Changing plans is sometimes the right thing to do.

I have a new favorite person. I’ve had a number of new favorite persons in the nearly 14 years of writing this column, but I’m stingy when I hand them out, and you’ve got to do something pretty special to earn an Amdur NFP designation. That’s what Alexandra did — three times, in fact.

She and I first met about 14 months ago. She had earned a B.A. in psychology a couple of years earlier and continued on to pursue a master’s degree in counseling. But then, more than half way through, she decided it was absolutely not for her.

During this time she held random low-level jobs unrelated to anything remotely resembling a career, but she took whatever she could get. Gotta pay the bills and the college loans, you know. I’m sure many of us have been there sometime in our careers, right?

So now what? Alexandra had sailed from shore but was suddenly adrift with no direction and no destination. That’s when we met.

Our first meeting was memorable and notable, as we uncovered two things. One, she never really wanted to be a counselor to begin with; she more deeply wanted to be in a supportive, nurturing profession that just wasn’t counseling.

Two, she happened to have had — in the not-too-distant past — a short-lived but interesting human resources assistant position which, as our ongoing discussion revealed, she liked. A deep dive into it led Alexandra to an epiphany and a good decision: HR was her calling.

That did it. With a sharp new focus, not to mention rekindled passion, Alexandra dived in and, in little time, landed a promising HR coordinator position with a decent (but not great) salary, an international company and a five-minute drive from home. All in all, a nice situation for her first good bounce-back when a change of plans was necessary. Not bad, eh?

But not all good things stay that way and not all promises are kept, as Alexandra can now confirm. The promising position became less promising, as her job duties were soon reduced to more of a clerical nature and then, lo and behold, the company started the process of being acquired.

There was no chance for growth anymore, so once again it was time for Alexandra to adjust her plans, and that led to another great decision. HR was where she was going to stay, come hell or high water. So here’s what happened in the past few months.

With growing experience in the field, she enrolled in a highly regarded human resources management certificate program that started a couple of weeks ago and is going nicely, thank you. She will soon have enough HR work experience plus the certificate to qualify to sit for the PHR exam which, I’m sure, she will pass.

More impressively, about three months ago, Alexandra — totally committed to this career path — launched one of the better job searches I’ve seen in a while: focused, determined, proactive and energetic. She also set standards for her next move, insisting she would not “take a step back” (as too many people do), determining to have broader responsibilities, get with a company that offers growth potential and the opportunity to make more money. A third good decision and it was followed by crisp execution.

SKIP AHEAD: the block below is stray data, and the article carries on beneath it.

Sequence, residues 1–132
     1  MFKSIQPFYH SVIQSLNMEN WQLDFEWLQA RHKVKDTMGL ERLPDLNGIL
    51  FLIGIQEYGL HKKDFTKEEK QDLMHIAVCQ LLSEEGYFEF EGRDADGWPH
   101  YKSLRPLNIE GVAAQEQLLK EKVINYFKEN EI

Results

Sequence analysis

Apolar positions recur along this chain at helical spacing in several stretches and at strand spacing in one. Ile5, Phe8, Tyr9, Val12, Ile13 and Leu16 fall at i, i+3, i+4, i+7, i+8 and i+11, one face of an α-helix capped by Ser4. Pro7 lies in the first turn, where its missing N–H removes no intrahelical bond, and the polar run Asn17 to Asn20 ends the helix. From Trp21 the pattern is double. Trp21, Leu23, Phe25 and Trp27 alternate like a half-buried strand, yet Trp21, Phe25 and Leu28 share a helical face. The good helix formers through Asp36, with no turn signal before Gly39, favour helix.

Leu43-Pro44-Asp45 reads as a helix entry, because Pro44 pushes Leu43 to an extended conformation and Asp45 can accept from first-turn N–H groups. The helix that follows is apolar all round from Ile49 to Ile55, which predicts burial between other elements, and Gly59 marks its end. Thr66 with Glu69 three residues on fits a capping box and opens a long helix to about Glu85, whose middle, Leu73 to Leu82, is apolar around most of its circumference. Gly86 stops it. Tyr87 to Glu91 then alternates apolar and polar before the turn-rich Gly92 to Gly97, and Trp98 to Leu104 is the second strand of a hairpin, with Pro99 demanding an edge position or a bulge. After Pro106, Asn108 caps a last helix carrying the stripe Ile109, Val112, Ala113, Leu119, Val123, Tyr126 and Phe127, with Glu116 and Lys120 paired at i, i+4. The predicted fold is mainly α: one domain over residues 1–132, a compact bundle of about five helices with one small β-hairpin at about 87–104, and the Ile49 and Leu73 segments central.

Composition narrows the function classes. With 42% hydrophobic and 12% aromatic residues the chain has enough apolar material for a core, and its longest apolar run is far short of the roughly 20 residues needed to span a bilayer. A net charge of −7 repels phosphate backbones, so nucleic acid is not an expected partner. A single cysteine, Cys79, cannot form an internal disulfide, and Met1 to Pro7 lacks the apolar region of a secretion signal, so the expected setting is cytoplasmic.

Not everything went according to plan, as a couple of her target jobs didn’t work out, but that’s to be expected. Every road has bumps. In all, she had meaningful discussions with about a half dozen companies, three of which moved well into the interview process. Ultimately, one of them turned her down because they knew the job was too low-level for her, and she withdrew from another one for several self-directed reasons.

And the third company? Alexandra will be starting there tomorrow morning, with broader and higher-level responsibilities, a clear path upward in a cool company and a 30 percent bump in salary (yes, 30 percent!).

She was more than thrilled when the offer letter came in at the top of their range, eliminating any need to negotiate. They clearly wanted her and it was mutual.

I think there are two lessons we can all learn from Alexandra. First, you’ve got to have a vision and sense of purpose to guide you. And second, it’s OK to alter your plans if you have to; it’s just not OK not to have plans.

In other words, if you know where you’re going, set your plans to get there,= and adjust your plans when necessary, you’re a pretty good bet.

You might even be the next Amdur NFP.

Career coach and corporate adviser Eli Amdur has been authoring his weekly Career Coach column since 2003 and is the author of his acclaimed career advice book “It’s Not So Far From Here to There: The thinking person’s guide to well-managed career.” Adjunct professor of two graduate-level leadership courses at Fairleigh Dickinson University in New Jersey, he is also active on the speaker circuit, delivering presentations on today’s critical employment and leadership issues. Visit his website at

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